Take-Away: Where ORM is terminated based on a physician statement, the ORM termination date is the date that no further treatment was/is required (per the physician statement), the statement date (if the physician failed to specify a date on which no further treatment was required), or the last date of the related treatment (if the physician failed to specify a date and the statement was not dated).
UNSOLICITED RESPONSE FILES
In certain situations, the Medicare beneficiary may update NGHP ORM records. The purpose of the Unsolicited Response File is to notify the RRE (and/or its Reporting Agent) that someone other than the RRE has changed the ORM record. CMS addressed this issue in the User Guide and the webinar.
Why does CMS allow this change? Beneficiaries need access to care. CMS only allows a change where access to care is impacted.
What may be changed? The only update that the CMS will make based on information from a beneficiary is the ORM Termination Date.
What does CMS require from the beneficiary when making a change? The beneficiary must be verified. The beneficiary will also be asked probing questions such as, “Are you still treating,” “Is your case ongoing,” and “has coverage been exhausted.”
When will RREs have access to Unsolicited Response Files and how does an RRE obtain access? RREs will have access in July 2023. RREs may opt in to receive the Unsolicited Response File when registering to Section 111 report. RREs who are already registered may opt in or out.
What if the beneficiary reports incorrect information on about the ORM termination to CMS? The RRE should submit an update in its next Section 111 reporting cycle with a correction. The RRE may also submit an off-cycle report to CMS through its CMS Electronic Data Interchange (EDI) representative. However, if the off-cycle report is submitted, the RRE should also update the information in its next Section 111 reporting cycle.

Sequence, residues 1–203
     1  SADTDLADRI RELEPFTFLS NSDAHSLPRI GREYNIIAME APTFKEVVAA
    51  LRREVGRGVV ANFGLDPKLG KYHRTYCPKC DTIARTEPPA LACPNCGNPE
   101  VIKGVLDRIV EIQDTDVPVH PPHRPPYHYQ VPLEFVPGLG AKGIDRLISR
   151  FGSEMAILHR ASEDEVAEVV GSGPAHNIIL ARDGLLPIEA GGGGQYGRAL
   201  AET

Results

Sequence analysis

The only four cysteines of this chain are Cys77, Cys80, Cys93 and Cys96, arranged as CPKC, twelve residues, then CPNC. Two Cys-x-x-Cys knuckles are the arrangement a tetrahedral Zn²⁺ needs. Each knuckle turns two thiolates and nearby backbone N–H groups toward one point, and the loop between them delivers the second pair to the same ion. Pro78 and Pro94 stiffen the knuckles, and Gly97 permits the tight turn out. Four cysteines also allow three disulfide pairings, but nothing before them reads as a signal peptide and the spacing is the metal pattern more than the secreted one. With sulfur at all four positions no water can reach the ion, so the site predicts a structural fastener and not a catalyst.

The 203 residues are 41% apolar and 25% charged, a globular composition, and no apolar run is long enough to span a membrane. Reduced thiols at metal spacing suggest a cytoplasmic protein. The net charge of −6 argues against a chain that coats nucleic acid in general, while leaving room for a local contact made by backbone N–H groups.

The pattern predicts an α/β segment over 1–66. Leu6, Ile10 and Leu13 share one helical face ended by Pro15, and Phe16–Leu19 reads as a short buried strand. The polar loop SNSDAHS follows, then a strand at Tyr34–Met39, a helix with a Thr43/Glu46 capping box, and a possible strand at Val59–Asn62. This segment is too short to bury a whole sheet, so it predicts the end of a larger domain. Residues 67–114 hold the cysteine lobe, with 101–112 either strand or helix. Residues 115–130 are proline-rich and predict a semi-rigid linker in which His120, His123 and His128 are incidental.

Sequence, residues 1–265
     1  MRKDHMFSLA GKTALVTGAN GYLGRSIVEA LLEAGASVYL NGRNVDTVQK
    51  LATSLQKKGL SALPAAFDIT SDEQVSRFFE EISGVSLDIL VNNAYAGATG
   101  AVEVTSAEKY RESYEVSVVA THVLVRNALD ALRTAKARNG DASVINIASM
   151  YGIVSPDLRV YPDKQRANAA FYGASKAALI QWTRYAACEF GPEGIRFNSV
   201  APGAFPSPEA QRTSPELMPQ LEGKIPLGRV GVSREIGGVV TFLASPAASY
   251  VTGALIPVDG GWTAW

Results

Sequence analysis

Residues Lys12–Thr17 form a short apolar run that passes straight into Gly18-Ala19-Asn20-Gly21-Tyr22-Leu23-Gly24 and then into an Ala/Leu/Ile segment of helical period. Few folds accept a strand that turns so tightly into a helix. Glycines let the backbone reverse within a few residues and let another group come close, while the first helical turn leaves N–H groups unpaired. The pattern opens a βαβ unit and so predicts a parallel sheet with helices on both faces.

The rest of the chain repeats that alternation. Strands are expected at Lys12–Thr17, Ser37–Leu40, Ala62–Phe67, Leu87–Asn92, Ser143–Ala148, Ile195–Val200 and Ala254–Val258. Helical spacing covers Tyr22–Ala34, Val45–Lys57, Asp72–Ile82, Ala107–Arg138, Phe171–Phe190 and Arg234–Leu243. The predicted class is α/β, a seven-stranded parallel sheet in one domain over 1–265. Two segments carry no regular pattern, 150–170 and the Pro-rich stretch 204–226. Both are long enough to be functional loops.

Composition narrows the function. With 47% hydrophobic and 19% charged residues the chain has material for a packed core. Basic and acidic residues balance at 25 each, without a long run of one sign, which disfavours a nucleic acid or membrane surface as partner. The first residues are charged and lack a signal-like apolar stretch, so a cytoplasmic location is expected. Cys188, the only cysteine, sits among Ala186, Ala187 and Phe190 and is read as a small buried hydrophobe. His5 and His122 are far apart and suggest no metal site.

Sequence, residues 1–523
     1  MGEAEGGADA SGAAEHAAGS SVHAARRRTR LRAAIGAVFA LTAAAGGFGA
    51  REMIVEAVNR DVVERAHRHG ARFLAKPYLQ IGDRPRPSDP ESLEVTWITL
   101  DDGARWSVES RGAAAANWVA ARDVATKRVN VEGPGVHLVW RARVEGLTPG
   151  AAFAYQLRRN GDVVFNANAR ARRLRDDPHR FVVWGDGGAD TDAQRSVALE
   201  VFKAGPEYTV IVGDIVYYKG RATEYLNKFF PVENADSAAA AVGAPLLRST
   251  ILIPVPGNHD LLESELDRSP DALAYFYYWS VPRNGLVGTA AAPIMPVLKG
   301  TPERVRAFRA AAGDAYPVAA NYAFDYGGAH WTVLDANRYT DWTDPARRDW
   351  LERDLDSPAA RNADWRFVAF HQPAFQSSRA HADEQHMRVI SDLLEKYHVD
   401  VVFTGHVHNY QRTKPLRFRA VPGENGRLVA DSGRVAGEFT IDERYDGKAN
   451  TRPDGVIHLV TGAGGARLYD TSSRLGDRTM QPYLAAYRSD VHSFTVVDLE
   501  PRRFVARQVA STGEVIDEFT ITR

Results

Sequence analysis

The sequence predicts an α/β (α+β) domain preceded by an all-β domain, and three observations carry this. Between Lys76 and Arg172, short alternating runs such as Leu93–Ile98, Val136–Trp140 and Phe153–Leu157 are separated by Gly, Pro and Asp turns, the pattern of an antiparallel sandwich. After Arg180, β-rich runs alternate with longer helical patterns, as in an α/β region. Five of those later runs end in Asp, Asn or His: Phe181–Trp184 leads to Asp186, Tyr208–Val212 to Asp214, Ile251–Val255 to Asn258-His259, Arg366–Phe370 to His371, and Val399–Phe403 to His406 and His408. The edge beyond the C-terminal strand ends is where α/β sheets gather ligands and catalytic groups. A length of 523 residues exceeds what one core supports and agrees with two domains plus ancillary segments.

Are RREs required to opt in to receive the Unsolicited Response File? While RREs are not required to receive Unsolicited Response Files, the only way to determine if the ORM Termination Date was modified is to obtain the unsolicited response file. Accordingly, CMS recommends that all RREs obtain this data.
Take-Away: Unsolicited Response Files are designed to let the RRE know the ORM termination date has been modified by someone other than the RRE. While CMS does not require the RRE to obtain these files, CMS recommends review and correction where the modified data is not accurate.
CMS acknowledged in the webinar that RREs may encounter unique issues. Where an RRE has a question, the RRE should provide CMS with specific examples. This will ensure that CMS is aware of and properly addresses the issue.
Barrye Panepinto Miyagi is a Partner at Taylor Porter and the Practice Group Leader for Taylor Porter's Medicare Secondary Payer (MSP) Compliance Group. Barrye is certified by the Louisiana Association of Self Insured Employers (LASIE) as a MSP-Fellow. She advises clients on all aspects of MSP compliance. She has over 30 years of experience defending mass tort and personal injury claims. As a result of her experience, Barrye brings a unique perspective to MSP compliance issues.
Shannon A. Shelton is Special Counsel at Taylor Porter and practices in the MSP Compliance Group. Shannon’s primary practice focus is complex litigation involving compliance with the Medicare Secondary Payer Act and Section 111 of the Medicare, Medicaid, and SCHIP Extension Act of 2007. Shannon has represented and defended Fortune 10 global energy companies in class action and mass joinder cases involving toxic tort exposure and personal injury from Naturally Occurring Radioactive Material (NORM). Shannon is also certified by LASIE as a Certified Medicare Secondary Payer (CMSP) Professional and has worked in the MSP Compliance arena for nearly 10 years.